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Eisenmenger's syndrome

icanis
Contributor(s):

Serena Brownlie

Synonym(s): Eisenmenger's physiology


Introduction

  • Eisenmenger's syndrome is NOT a primary heart disease but a description of a secondary response to the primary cardiac anomaly, typically VSD or PDA.
  • See also Eisenmenger's complex Eisenmenger's complex.
  • Describes changes that occur when a left to right shunting cardiac defect, eg VSD, PDA, causes pulmonary overperfusion, leading to pulmonary hypertension and eventually reversed shunting (right to left) as the right heart pressures increase and become equal to or greater than systemic arterial pressures.
  • Deoxygenated blood is pumped into systemic circulation → cyanosis, hypoxia stimulates erythropoietin release → polycythemia.
  • Signs: include dyspnea, exercise intolerance, collapse, seizures, stunted growth, cyanosis, polycythemia and heart murmurs.
  • Treatment: palliative.
  • Prognosis: typically very poor.

Pathogenesis

Predisposing factors

General
  • Breed.
  • Sex.

Specific

Pathophysiology

  • PDA - failure of muscular ductus arteriosus to close after birth resulting in aorta-to-pulmonary artery communication.
  • VSD - failure of interventricular septum leaving communication between left and right ventricles.
  • Large atrial septal defect Atrial septal defect in association with pulmonic stenosis Pulmonic stenosis.
  • Left-to-right shunt from aorta to pulmonary artery (PDA) or left-to-right shunt across interventricular septal defect (VSD) → increased blood flow through pulmonary vasculature.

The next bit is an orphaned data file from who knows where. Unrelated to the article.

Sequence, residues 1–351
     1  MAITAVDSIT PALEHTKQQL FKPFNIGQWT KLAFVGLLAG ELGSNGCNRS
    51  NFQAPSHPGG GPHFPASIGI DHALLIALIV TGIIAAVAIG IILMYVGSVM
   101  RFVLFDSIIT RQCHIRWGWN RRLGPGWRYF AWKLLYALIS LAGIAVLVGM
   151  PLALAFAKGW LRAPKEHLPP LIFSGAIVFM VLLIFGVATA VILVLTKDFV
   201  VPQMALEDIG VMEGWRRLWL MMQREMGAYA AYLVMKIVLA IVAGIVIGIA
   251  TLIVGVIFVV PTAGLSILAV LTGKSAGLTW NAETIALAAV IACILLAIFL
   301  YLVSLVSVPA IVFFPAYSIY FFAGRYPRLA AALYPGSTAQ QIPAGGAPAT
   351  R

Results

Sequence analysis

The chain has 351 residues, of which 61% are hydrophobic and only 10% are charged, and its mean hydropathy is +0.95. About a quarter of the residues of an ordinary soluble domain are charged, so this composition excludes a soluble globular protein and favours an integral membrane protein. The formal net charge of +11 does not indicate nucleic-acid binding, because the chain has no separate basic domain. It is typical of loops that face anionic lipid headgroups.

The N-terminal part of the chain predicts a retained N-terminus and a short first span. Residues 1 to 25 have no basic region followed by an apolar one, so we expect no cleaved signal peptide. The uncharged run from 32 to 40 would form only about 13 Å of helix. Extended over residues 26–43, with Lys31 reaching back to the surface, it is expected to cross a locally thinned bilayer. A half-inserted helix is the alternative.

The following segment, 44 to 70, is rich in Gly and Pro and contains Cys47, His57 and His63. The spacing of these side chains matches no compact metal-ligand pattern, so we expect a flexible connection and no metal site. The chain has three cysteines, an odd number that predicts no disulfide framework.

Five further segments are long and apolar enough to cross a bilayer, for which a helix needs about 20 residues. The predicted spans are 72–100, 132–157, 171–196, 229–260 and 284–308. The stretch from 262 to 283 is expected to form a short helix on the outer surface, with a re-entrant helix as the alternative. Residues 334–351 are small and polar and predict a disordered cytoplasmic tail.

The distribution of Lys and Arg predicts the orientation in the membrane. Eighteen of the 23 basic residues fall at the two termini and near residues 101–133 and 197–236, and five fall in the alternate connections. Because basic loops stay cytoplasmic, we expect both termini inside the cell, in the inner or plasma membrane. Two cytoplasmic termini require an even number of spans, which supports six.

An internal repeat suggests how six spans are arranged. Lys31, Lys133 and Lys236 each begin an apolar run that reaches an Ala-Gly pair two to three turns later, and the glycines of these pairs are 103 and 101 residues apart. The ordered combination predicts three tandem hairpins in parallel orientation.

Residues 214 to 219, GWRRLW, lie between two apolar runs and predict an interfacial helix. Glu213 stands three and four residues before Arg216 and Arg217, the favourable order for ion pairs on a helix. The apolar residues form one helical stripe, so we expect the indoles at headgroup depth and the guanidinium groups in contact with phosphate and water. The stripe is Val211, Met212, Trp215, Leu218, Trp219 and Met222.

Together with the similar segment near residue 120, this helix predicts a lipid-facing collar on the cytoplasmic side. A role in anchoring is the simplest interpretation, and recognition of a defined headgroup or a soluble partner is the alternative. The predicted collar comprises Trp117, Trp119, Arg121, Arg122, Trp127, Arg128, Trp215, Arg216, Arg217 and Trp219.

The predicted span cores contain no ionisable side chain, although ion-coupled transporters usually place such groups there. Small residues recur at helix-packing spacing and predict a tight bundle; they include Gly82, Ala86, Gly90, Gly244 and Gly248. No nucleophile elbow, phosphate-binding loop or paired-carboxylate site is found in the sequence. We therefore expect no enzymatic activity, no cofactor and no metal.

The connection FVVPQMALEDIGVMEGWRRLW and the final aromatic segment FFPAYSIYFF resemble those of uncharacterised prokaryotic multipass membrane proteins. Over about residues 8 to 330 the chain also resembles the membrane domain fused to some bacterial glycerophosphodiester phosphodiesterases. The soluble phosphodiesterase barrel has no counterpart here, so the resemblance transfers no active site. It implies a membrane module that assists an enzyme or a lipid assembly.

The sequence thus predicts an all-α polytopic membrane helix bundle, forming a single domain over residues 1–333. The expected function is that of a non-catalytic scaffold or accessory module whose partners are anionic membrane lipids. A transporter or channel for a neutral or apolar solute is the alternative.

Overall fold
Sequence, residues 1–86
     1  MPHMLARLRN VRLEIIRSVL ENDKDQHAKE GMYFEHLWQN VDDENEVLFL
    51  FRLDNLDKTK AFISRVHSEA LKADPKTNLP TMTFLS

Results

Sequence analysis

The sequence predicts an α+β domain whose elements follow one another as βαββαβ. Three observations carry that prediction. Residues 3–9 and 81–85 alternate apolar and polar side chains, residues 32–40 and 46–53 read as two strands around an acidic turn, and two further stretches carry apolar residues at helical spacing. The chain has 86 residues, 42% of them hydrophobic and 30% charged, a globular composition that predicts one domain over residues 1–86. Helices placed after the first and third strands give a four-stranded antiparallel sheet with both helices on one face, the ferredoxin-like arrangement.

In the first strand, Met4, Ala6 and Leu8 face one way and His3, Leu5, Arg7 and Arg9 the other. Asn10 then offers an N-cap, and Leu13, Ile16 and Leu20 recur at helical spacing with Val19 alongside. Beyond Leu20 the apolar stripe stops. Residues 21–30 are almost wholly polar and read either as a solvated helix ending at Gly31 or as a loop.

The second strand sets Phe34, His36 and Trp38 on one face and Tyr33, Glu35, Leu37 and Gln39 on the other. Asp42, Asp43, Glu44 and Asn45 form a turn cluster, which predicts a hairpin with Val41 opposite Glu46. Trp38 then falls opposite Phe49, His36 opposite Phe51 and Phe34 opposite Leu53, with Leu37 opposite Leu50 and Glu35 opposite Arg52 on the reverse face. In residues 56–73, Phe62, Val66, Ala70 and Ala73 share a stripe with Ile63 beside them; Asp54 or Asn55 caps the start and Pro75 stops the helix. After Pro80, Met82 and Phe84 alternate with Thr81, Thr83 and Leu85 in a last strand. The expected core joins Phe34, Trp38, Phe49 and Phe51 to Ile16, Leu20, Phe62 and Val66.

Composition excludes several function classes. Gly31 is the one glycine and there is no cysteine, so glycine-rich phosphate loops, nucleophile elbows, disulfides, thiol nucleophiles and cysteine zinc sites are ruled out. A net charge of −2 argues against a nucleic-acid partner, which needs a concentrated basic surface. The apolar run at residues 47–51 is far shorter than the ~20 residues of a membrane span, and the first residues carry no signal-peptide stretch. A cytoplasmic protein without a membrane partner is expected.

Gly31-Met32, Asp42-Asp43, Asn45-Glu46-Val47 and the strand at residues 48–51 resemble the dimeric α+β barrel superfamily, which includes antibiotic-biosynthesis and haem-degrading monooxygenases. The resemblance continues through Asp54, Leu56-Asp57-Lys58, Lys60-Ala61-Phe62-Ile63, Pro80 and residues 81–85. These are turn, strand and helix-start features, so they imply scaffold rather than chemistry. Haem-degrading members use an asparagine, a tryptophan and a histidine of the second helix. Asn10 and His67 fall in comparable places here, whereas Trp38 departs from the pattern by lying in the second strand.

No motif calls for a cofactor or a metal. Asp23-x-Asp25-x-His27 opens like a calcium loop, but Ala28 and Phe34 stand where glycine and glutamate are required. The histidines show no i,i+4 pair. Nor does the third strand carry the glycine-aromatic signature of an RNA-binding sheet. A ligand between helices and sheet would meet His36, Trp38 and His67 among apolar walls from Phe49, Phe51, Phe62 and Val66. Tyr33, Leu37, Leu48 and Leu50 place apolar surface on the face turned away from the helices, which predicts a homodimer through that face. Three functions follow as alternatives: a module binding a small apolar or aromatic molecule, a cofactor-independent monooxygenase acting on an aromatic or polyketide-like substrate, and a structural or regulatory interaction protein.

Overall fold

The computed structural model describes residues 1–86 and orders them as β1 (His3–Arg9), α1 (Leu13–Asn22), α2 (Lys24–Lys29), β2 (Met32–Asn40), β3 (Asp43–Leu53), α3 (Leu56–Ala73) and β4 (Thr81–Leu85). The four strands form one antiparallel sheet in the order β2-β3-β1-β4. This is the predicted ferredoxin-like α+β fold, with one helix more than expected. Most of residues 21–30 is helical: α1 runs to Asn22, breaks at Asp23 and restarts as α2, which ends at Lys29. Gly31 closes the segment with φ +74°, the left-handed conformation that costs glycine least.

• Increased pulmonary arterial and arteriolar pressure stimulates progressive myointimal proliferation, endothelial degeneration, intimal fibrosis and hyalinzation → occlusion of pulmonary vessels ("pruning").
  • Increasing right ventricular pressure as pulmonary hypertension Pulmonary Arterial Hypertension (PHT) develops → right ventricular pressure eventually becomes equal to and then exceeds left ventricular/systemic pressure → right-to-left shunting.
  • Deoxygenated blood is pumped into systemic circulation → cyanosis → hypoxia → stimulate erythropoietin release in kidneys → increased red blood cell production → polycythemia.

Timecourse

  • PDA - reversed shunting if it is going to occur usually happens before 6 months of age.
  • VSD - development of reversed shunting (Eisenmenger's physiology) is dependent on the size of interventricular defect.
  • Significant risk exists when pulmonary flow:systemic flow ratio exceeds 2:1.

Diagnosis

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Treatment

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Prevention

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Outcomes

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Further Reading

Publications

Refereed papers

  • Recent references from PubMed and VetMedResource.
  • Lieb A et al (1998) Case report - Eisenmenger syndrome in a 9-month-old border collie puppy. Schweiz Arch Tierheilkd 140 (4), 164-167 PubMed.
  • Ware W A, Bonagura J D (1988) Multiple congenital cardiac anomalies and Eisenmenger's syndrome in a dog. Comp Cont Ed 10 (8), 932-949 VetMedResource.
  • Feldman E C, Nimmo-Wilkie J S, Pharr J W (1981) Eisenmenger's syndrome in the dog: case reports. JAAHA 17 (3), 477-483 VetMedResource.
  • Nimmo-Wilkie J S, Feldman E C (1981) Pulmonary vascular lesions associated with congenital heart defects in three dogs. JAAHA 17 (3), 485-490 VetMedResource.

Other sources of information

  • Ettinger S J & Feldman E C (1995).Congenital heart disease.In:Textbook of Veterinary Internal Medicine. 4th edn. pp 892-943.
  • Noden D M & DeLahunta A (1985)The Embryology of Domestic Animals - Developmental Mechanisms and Malformations.

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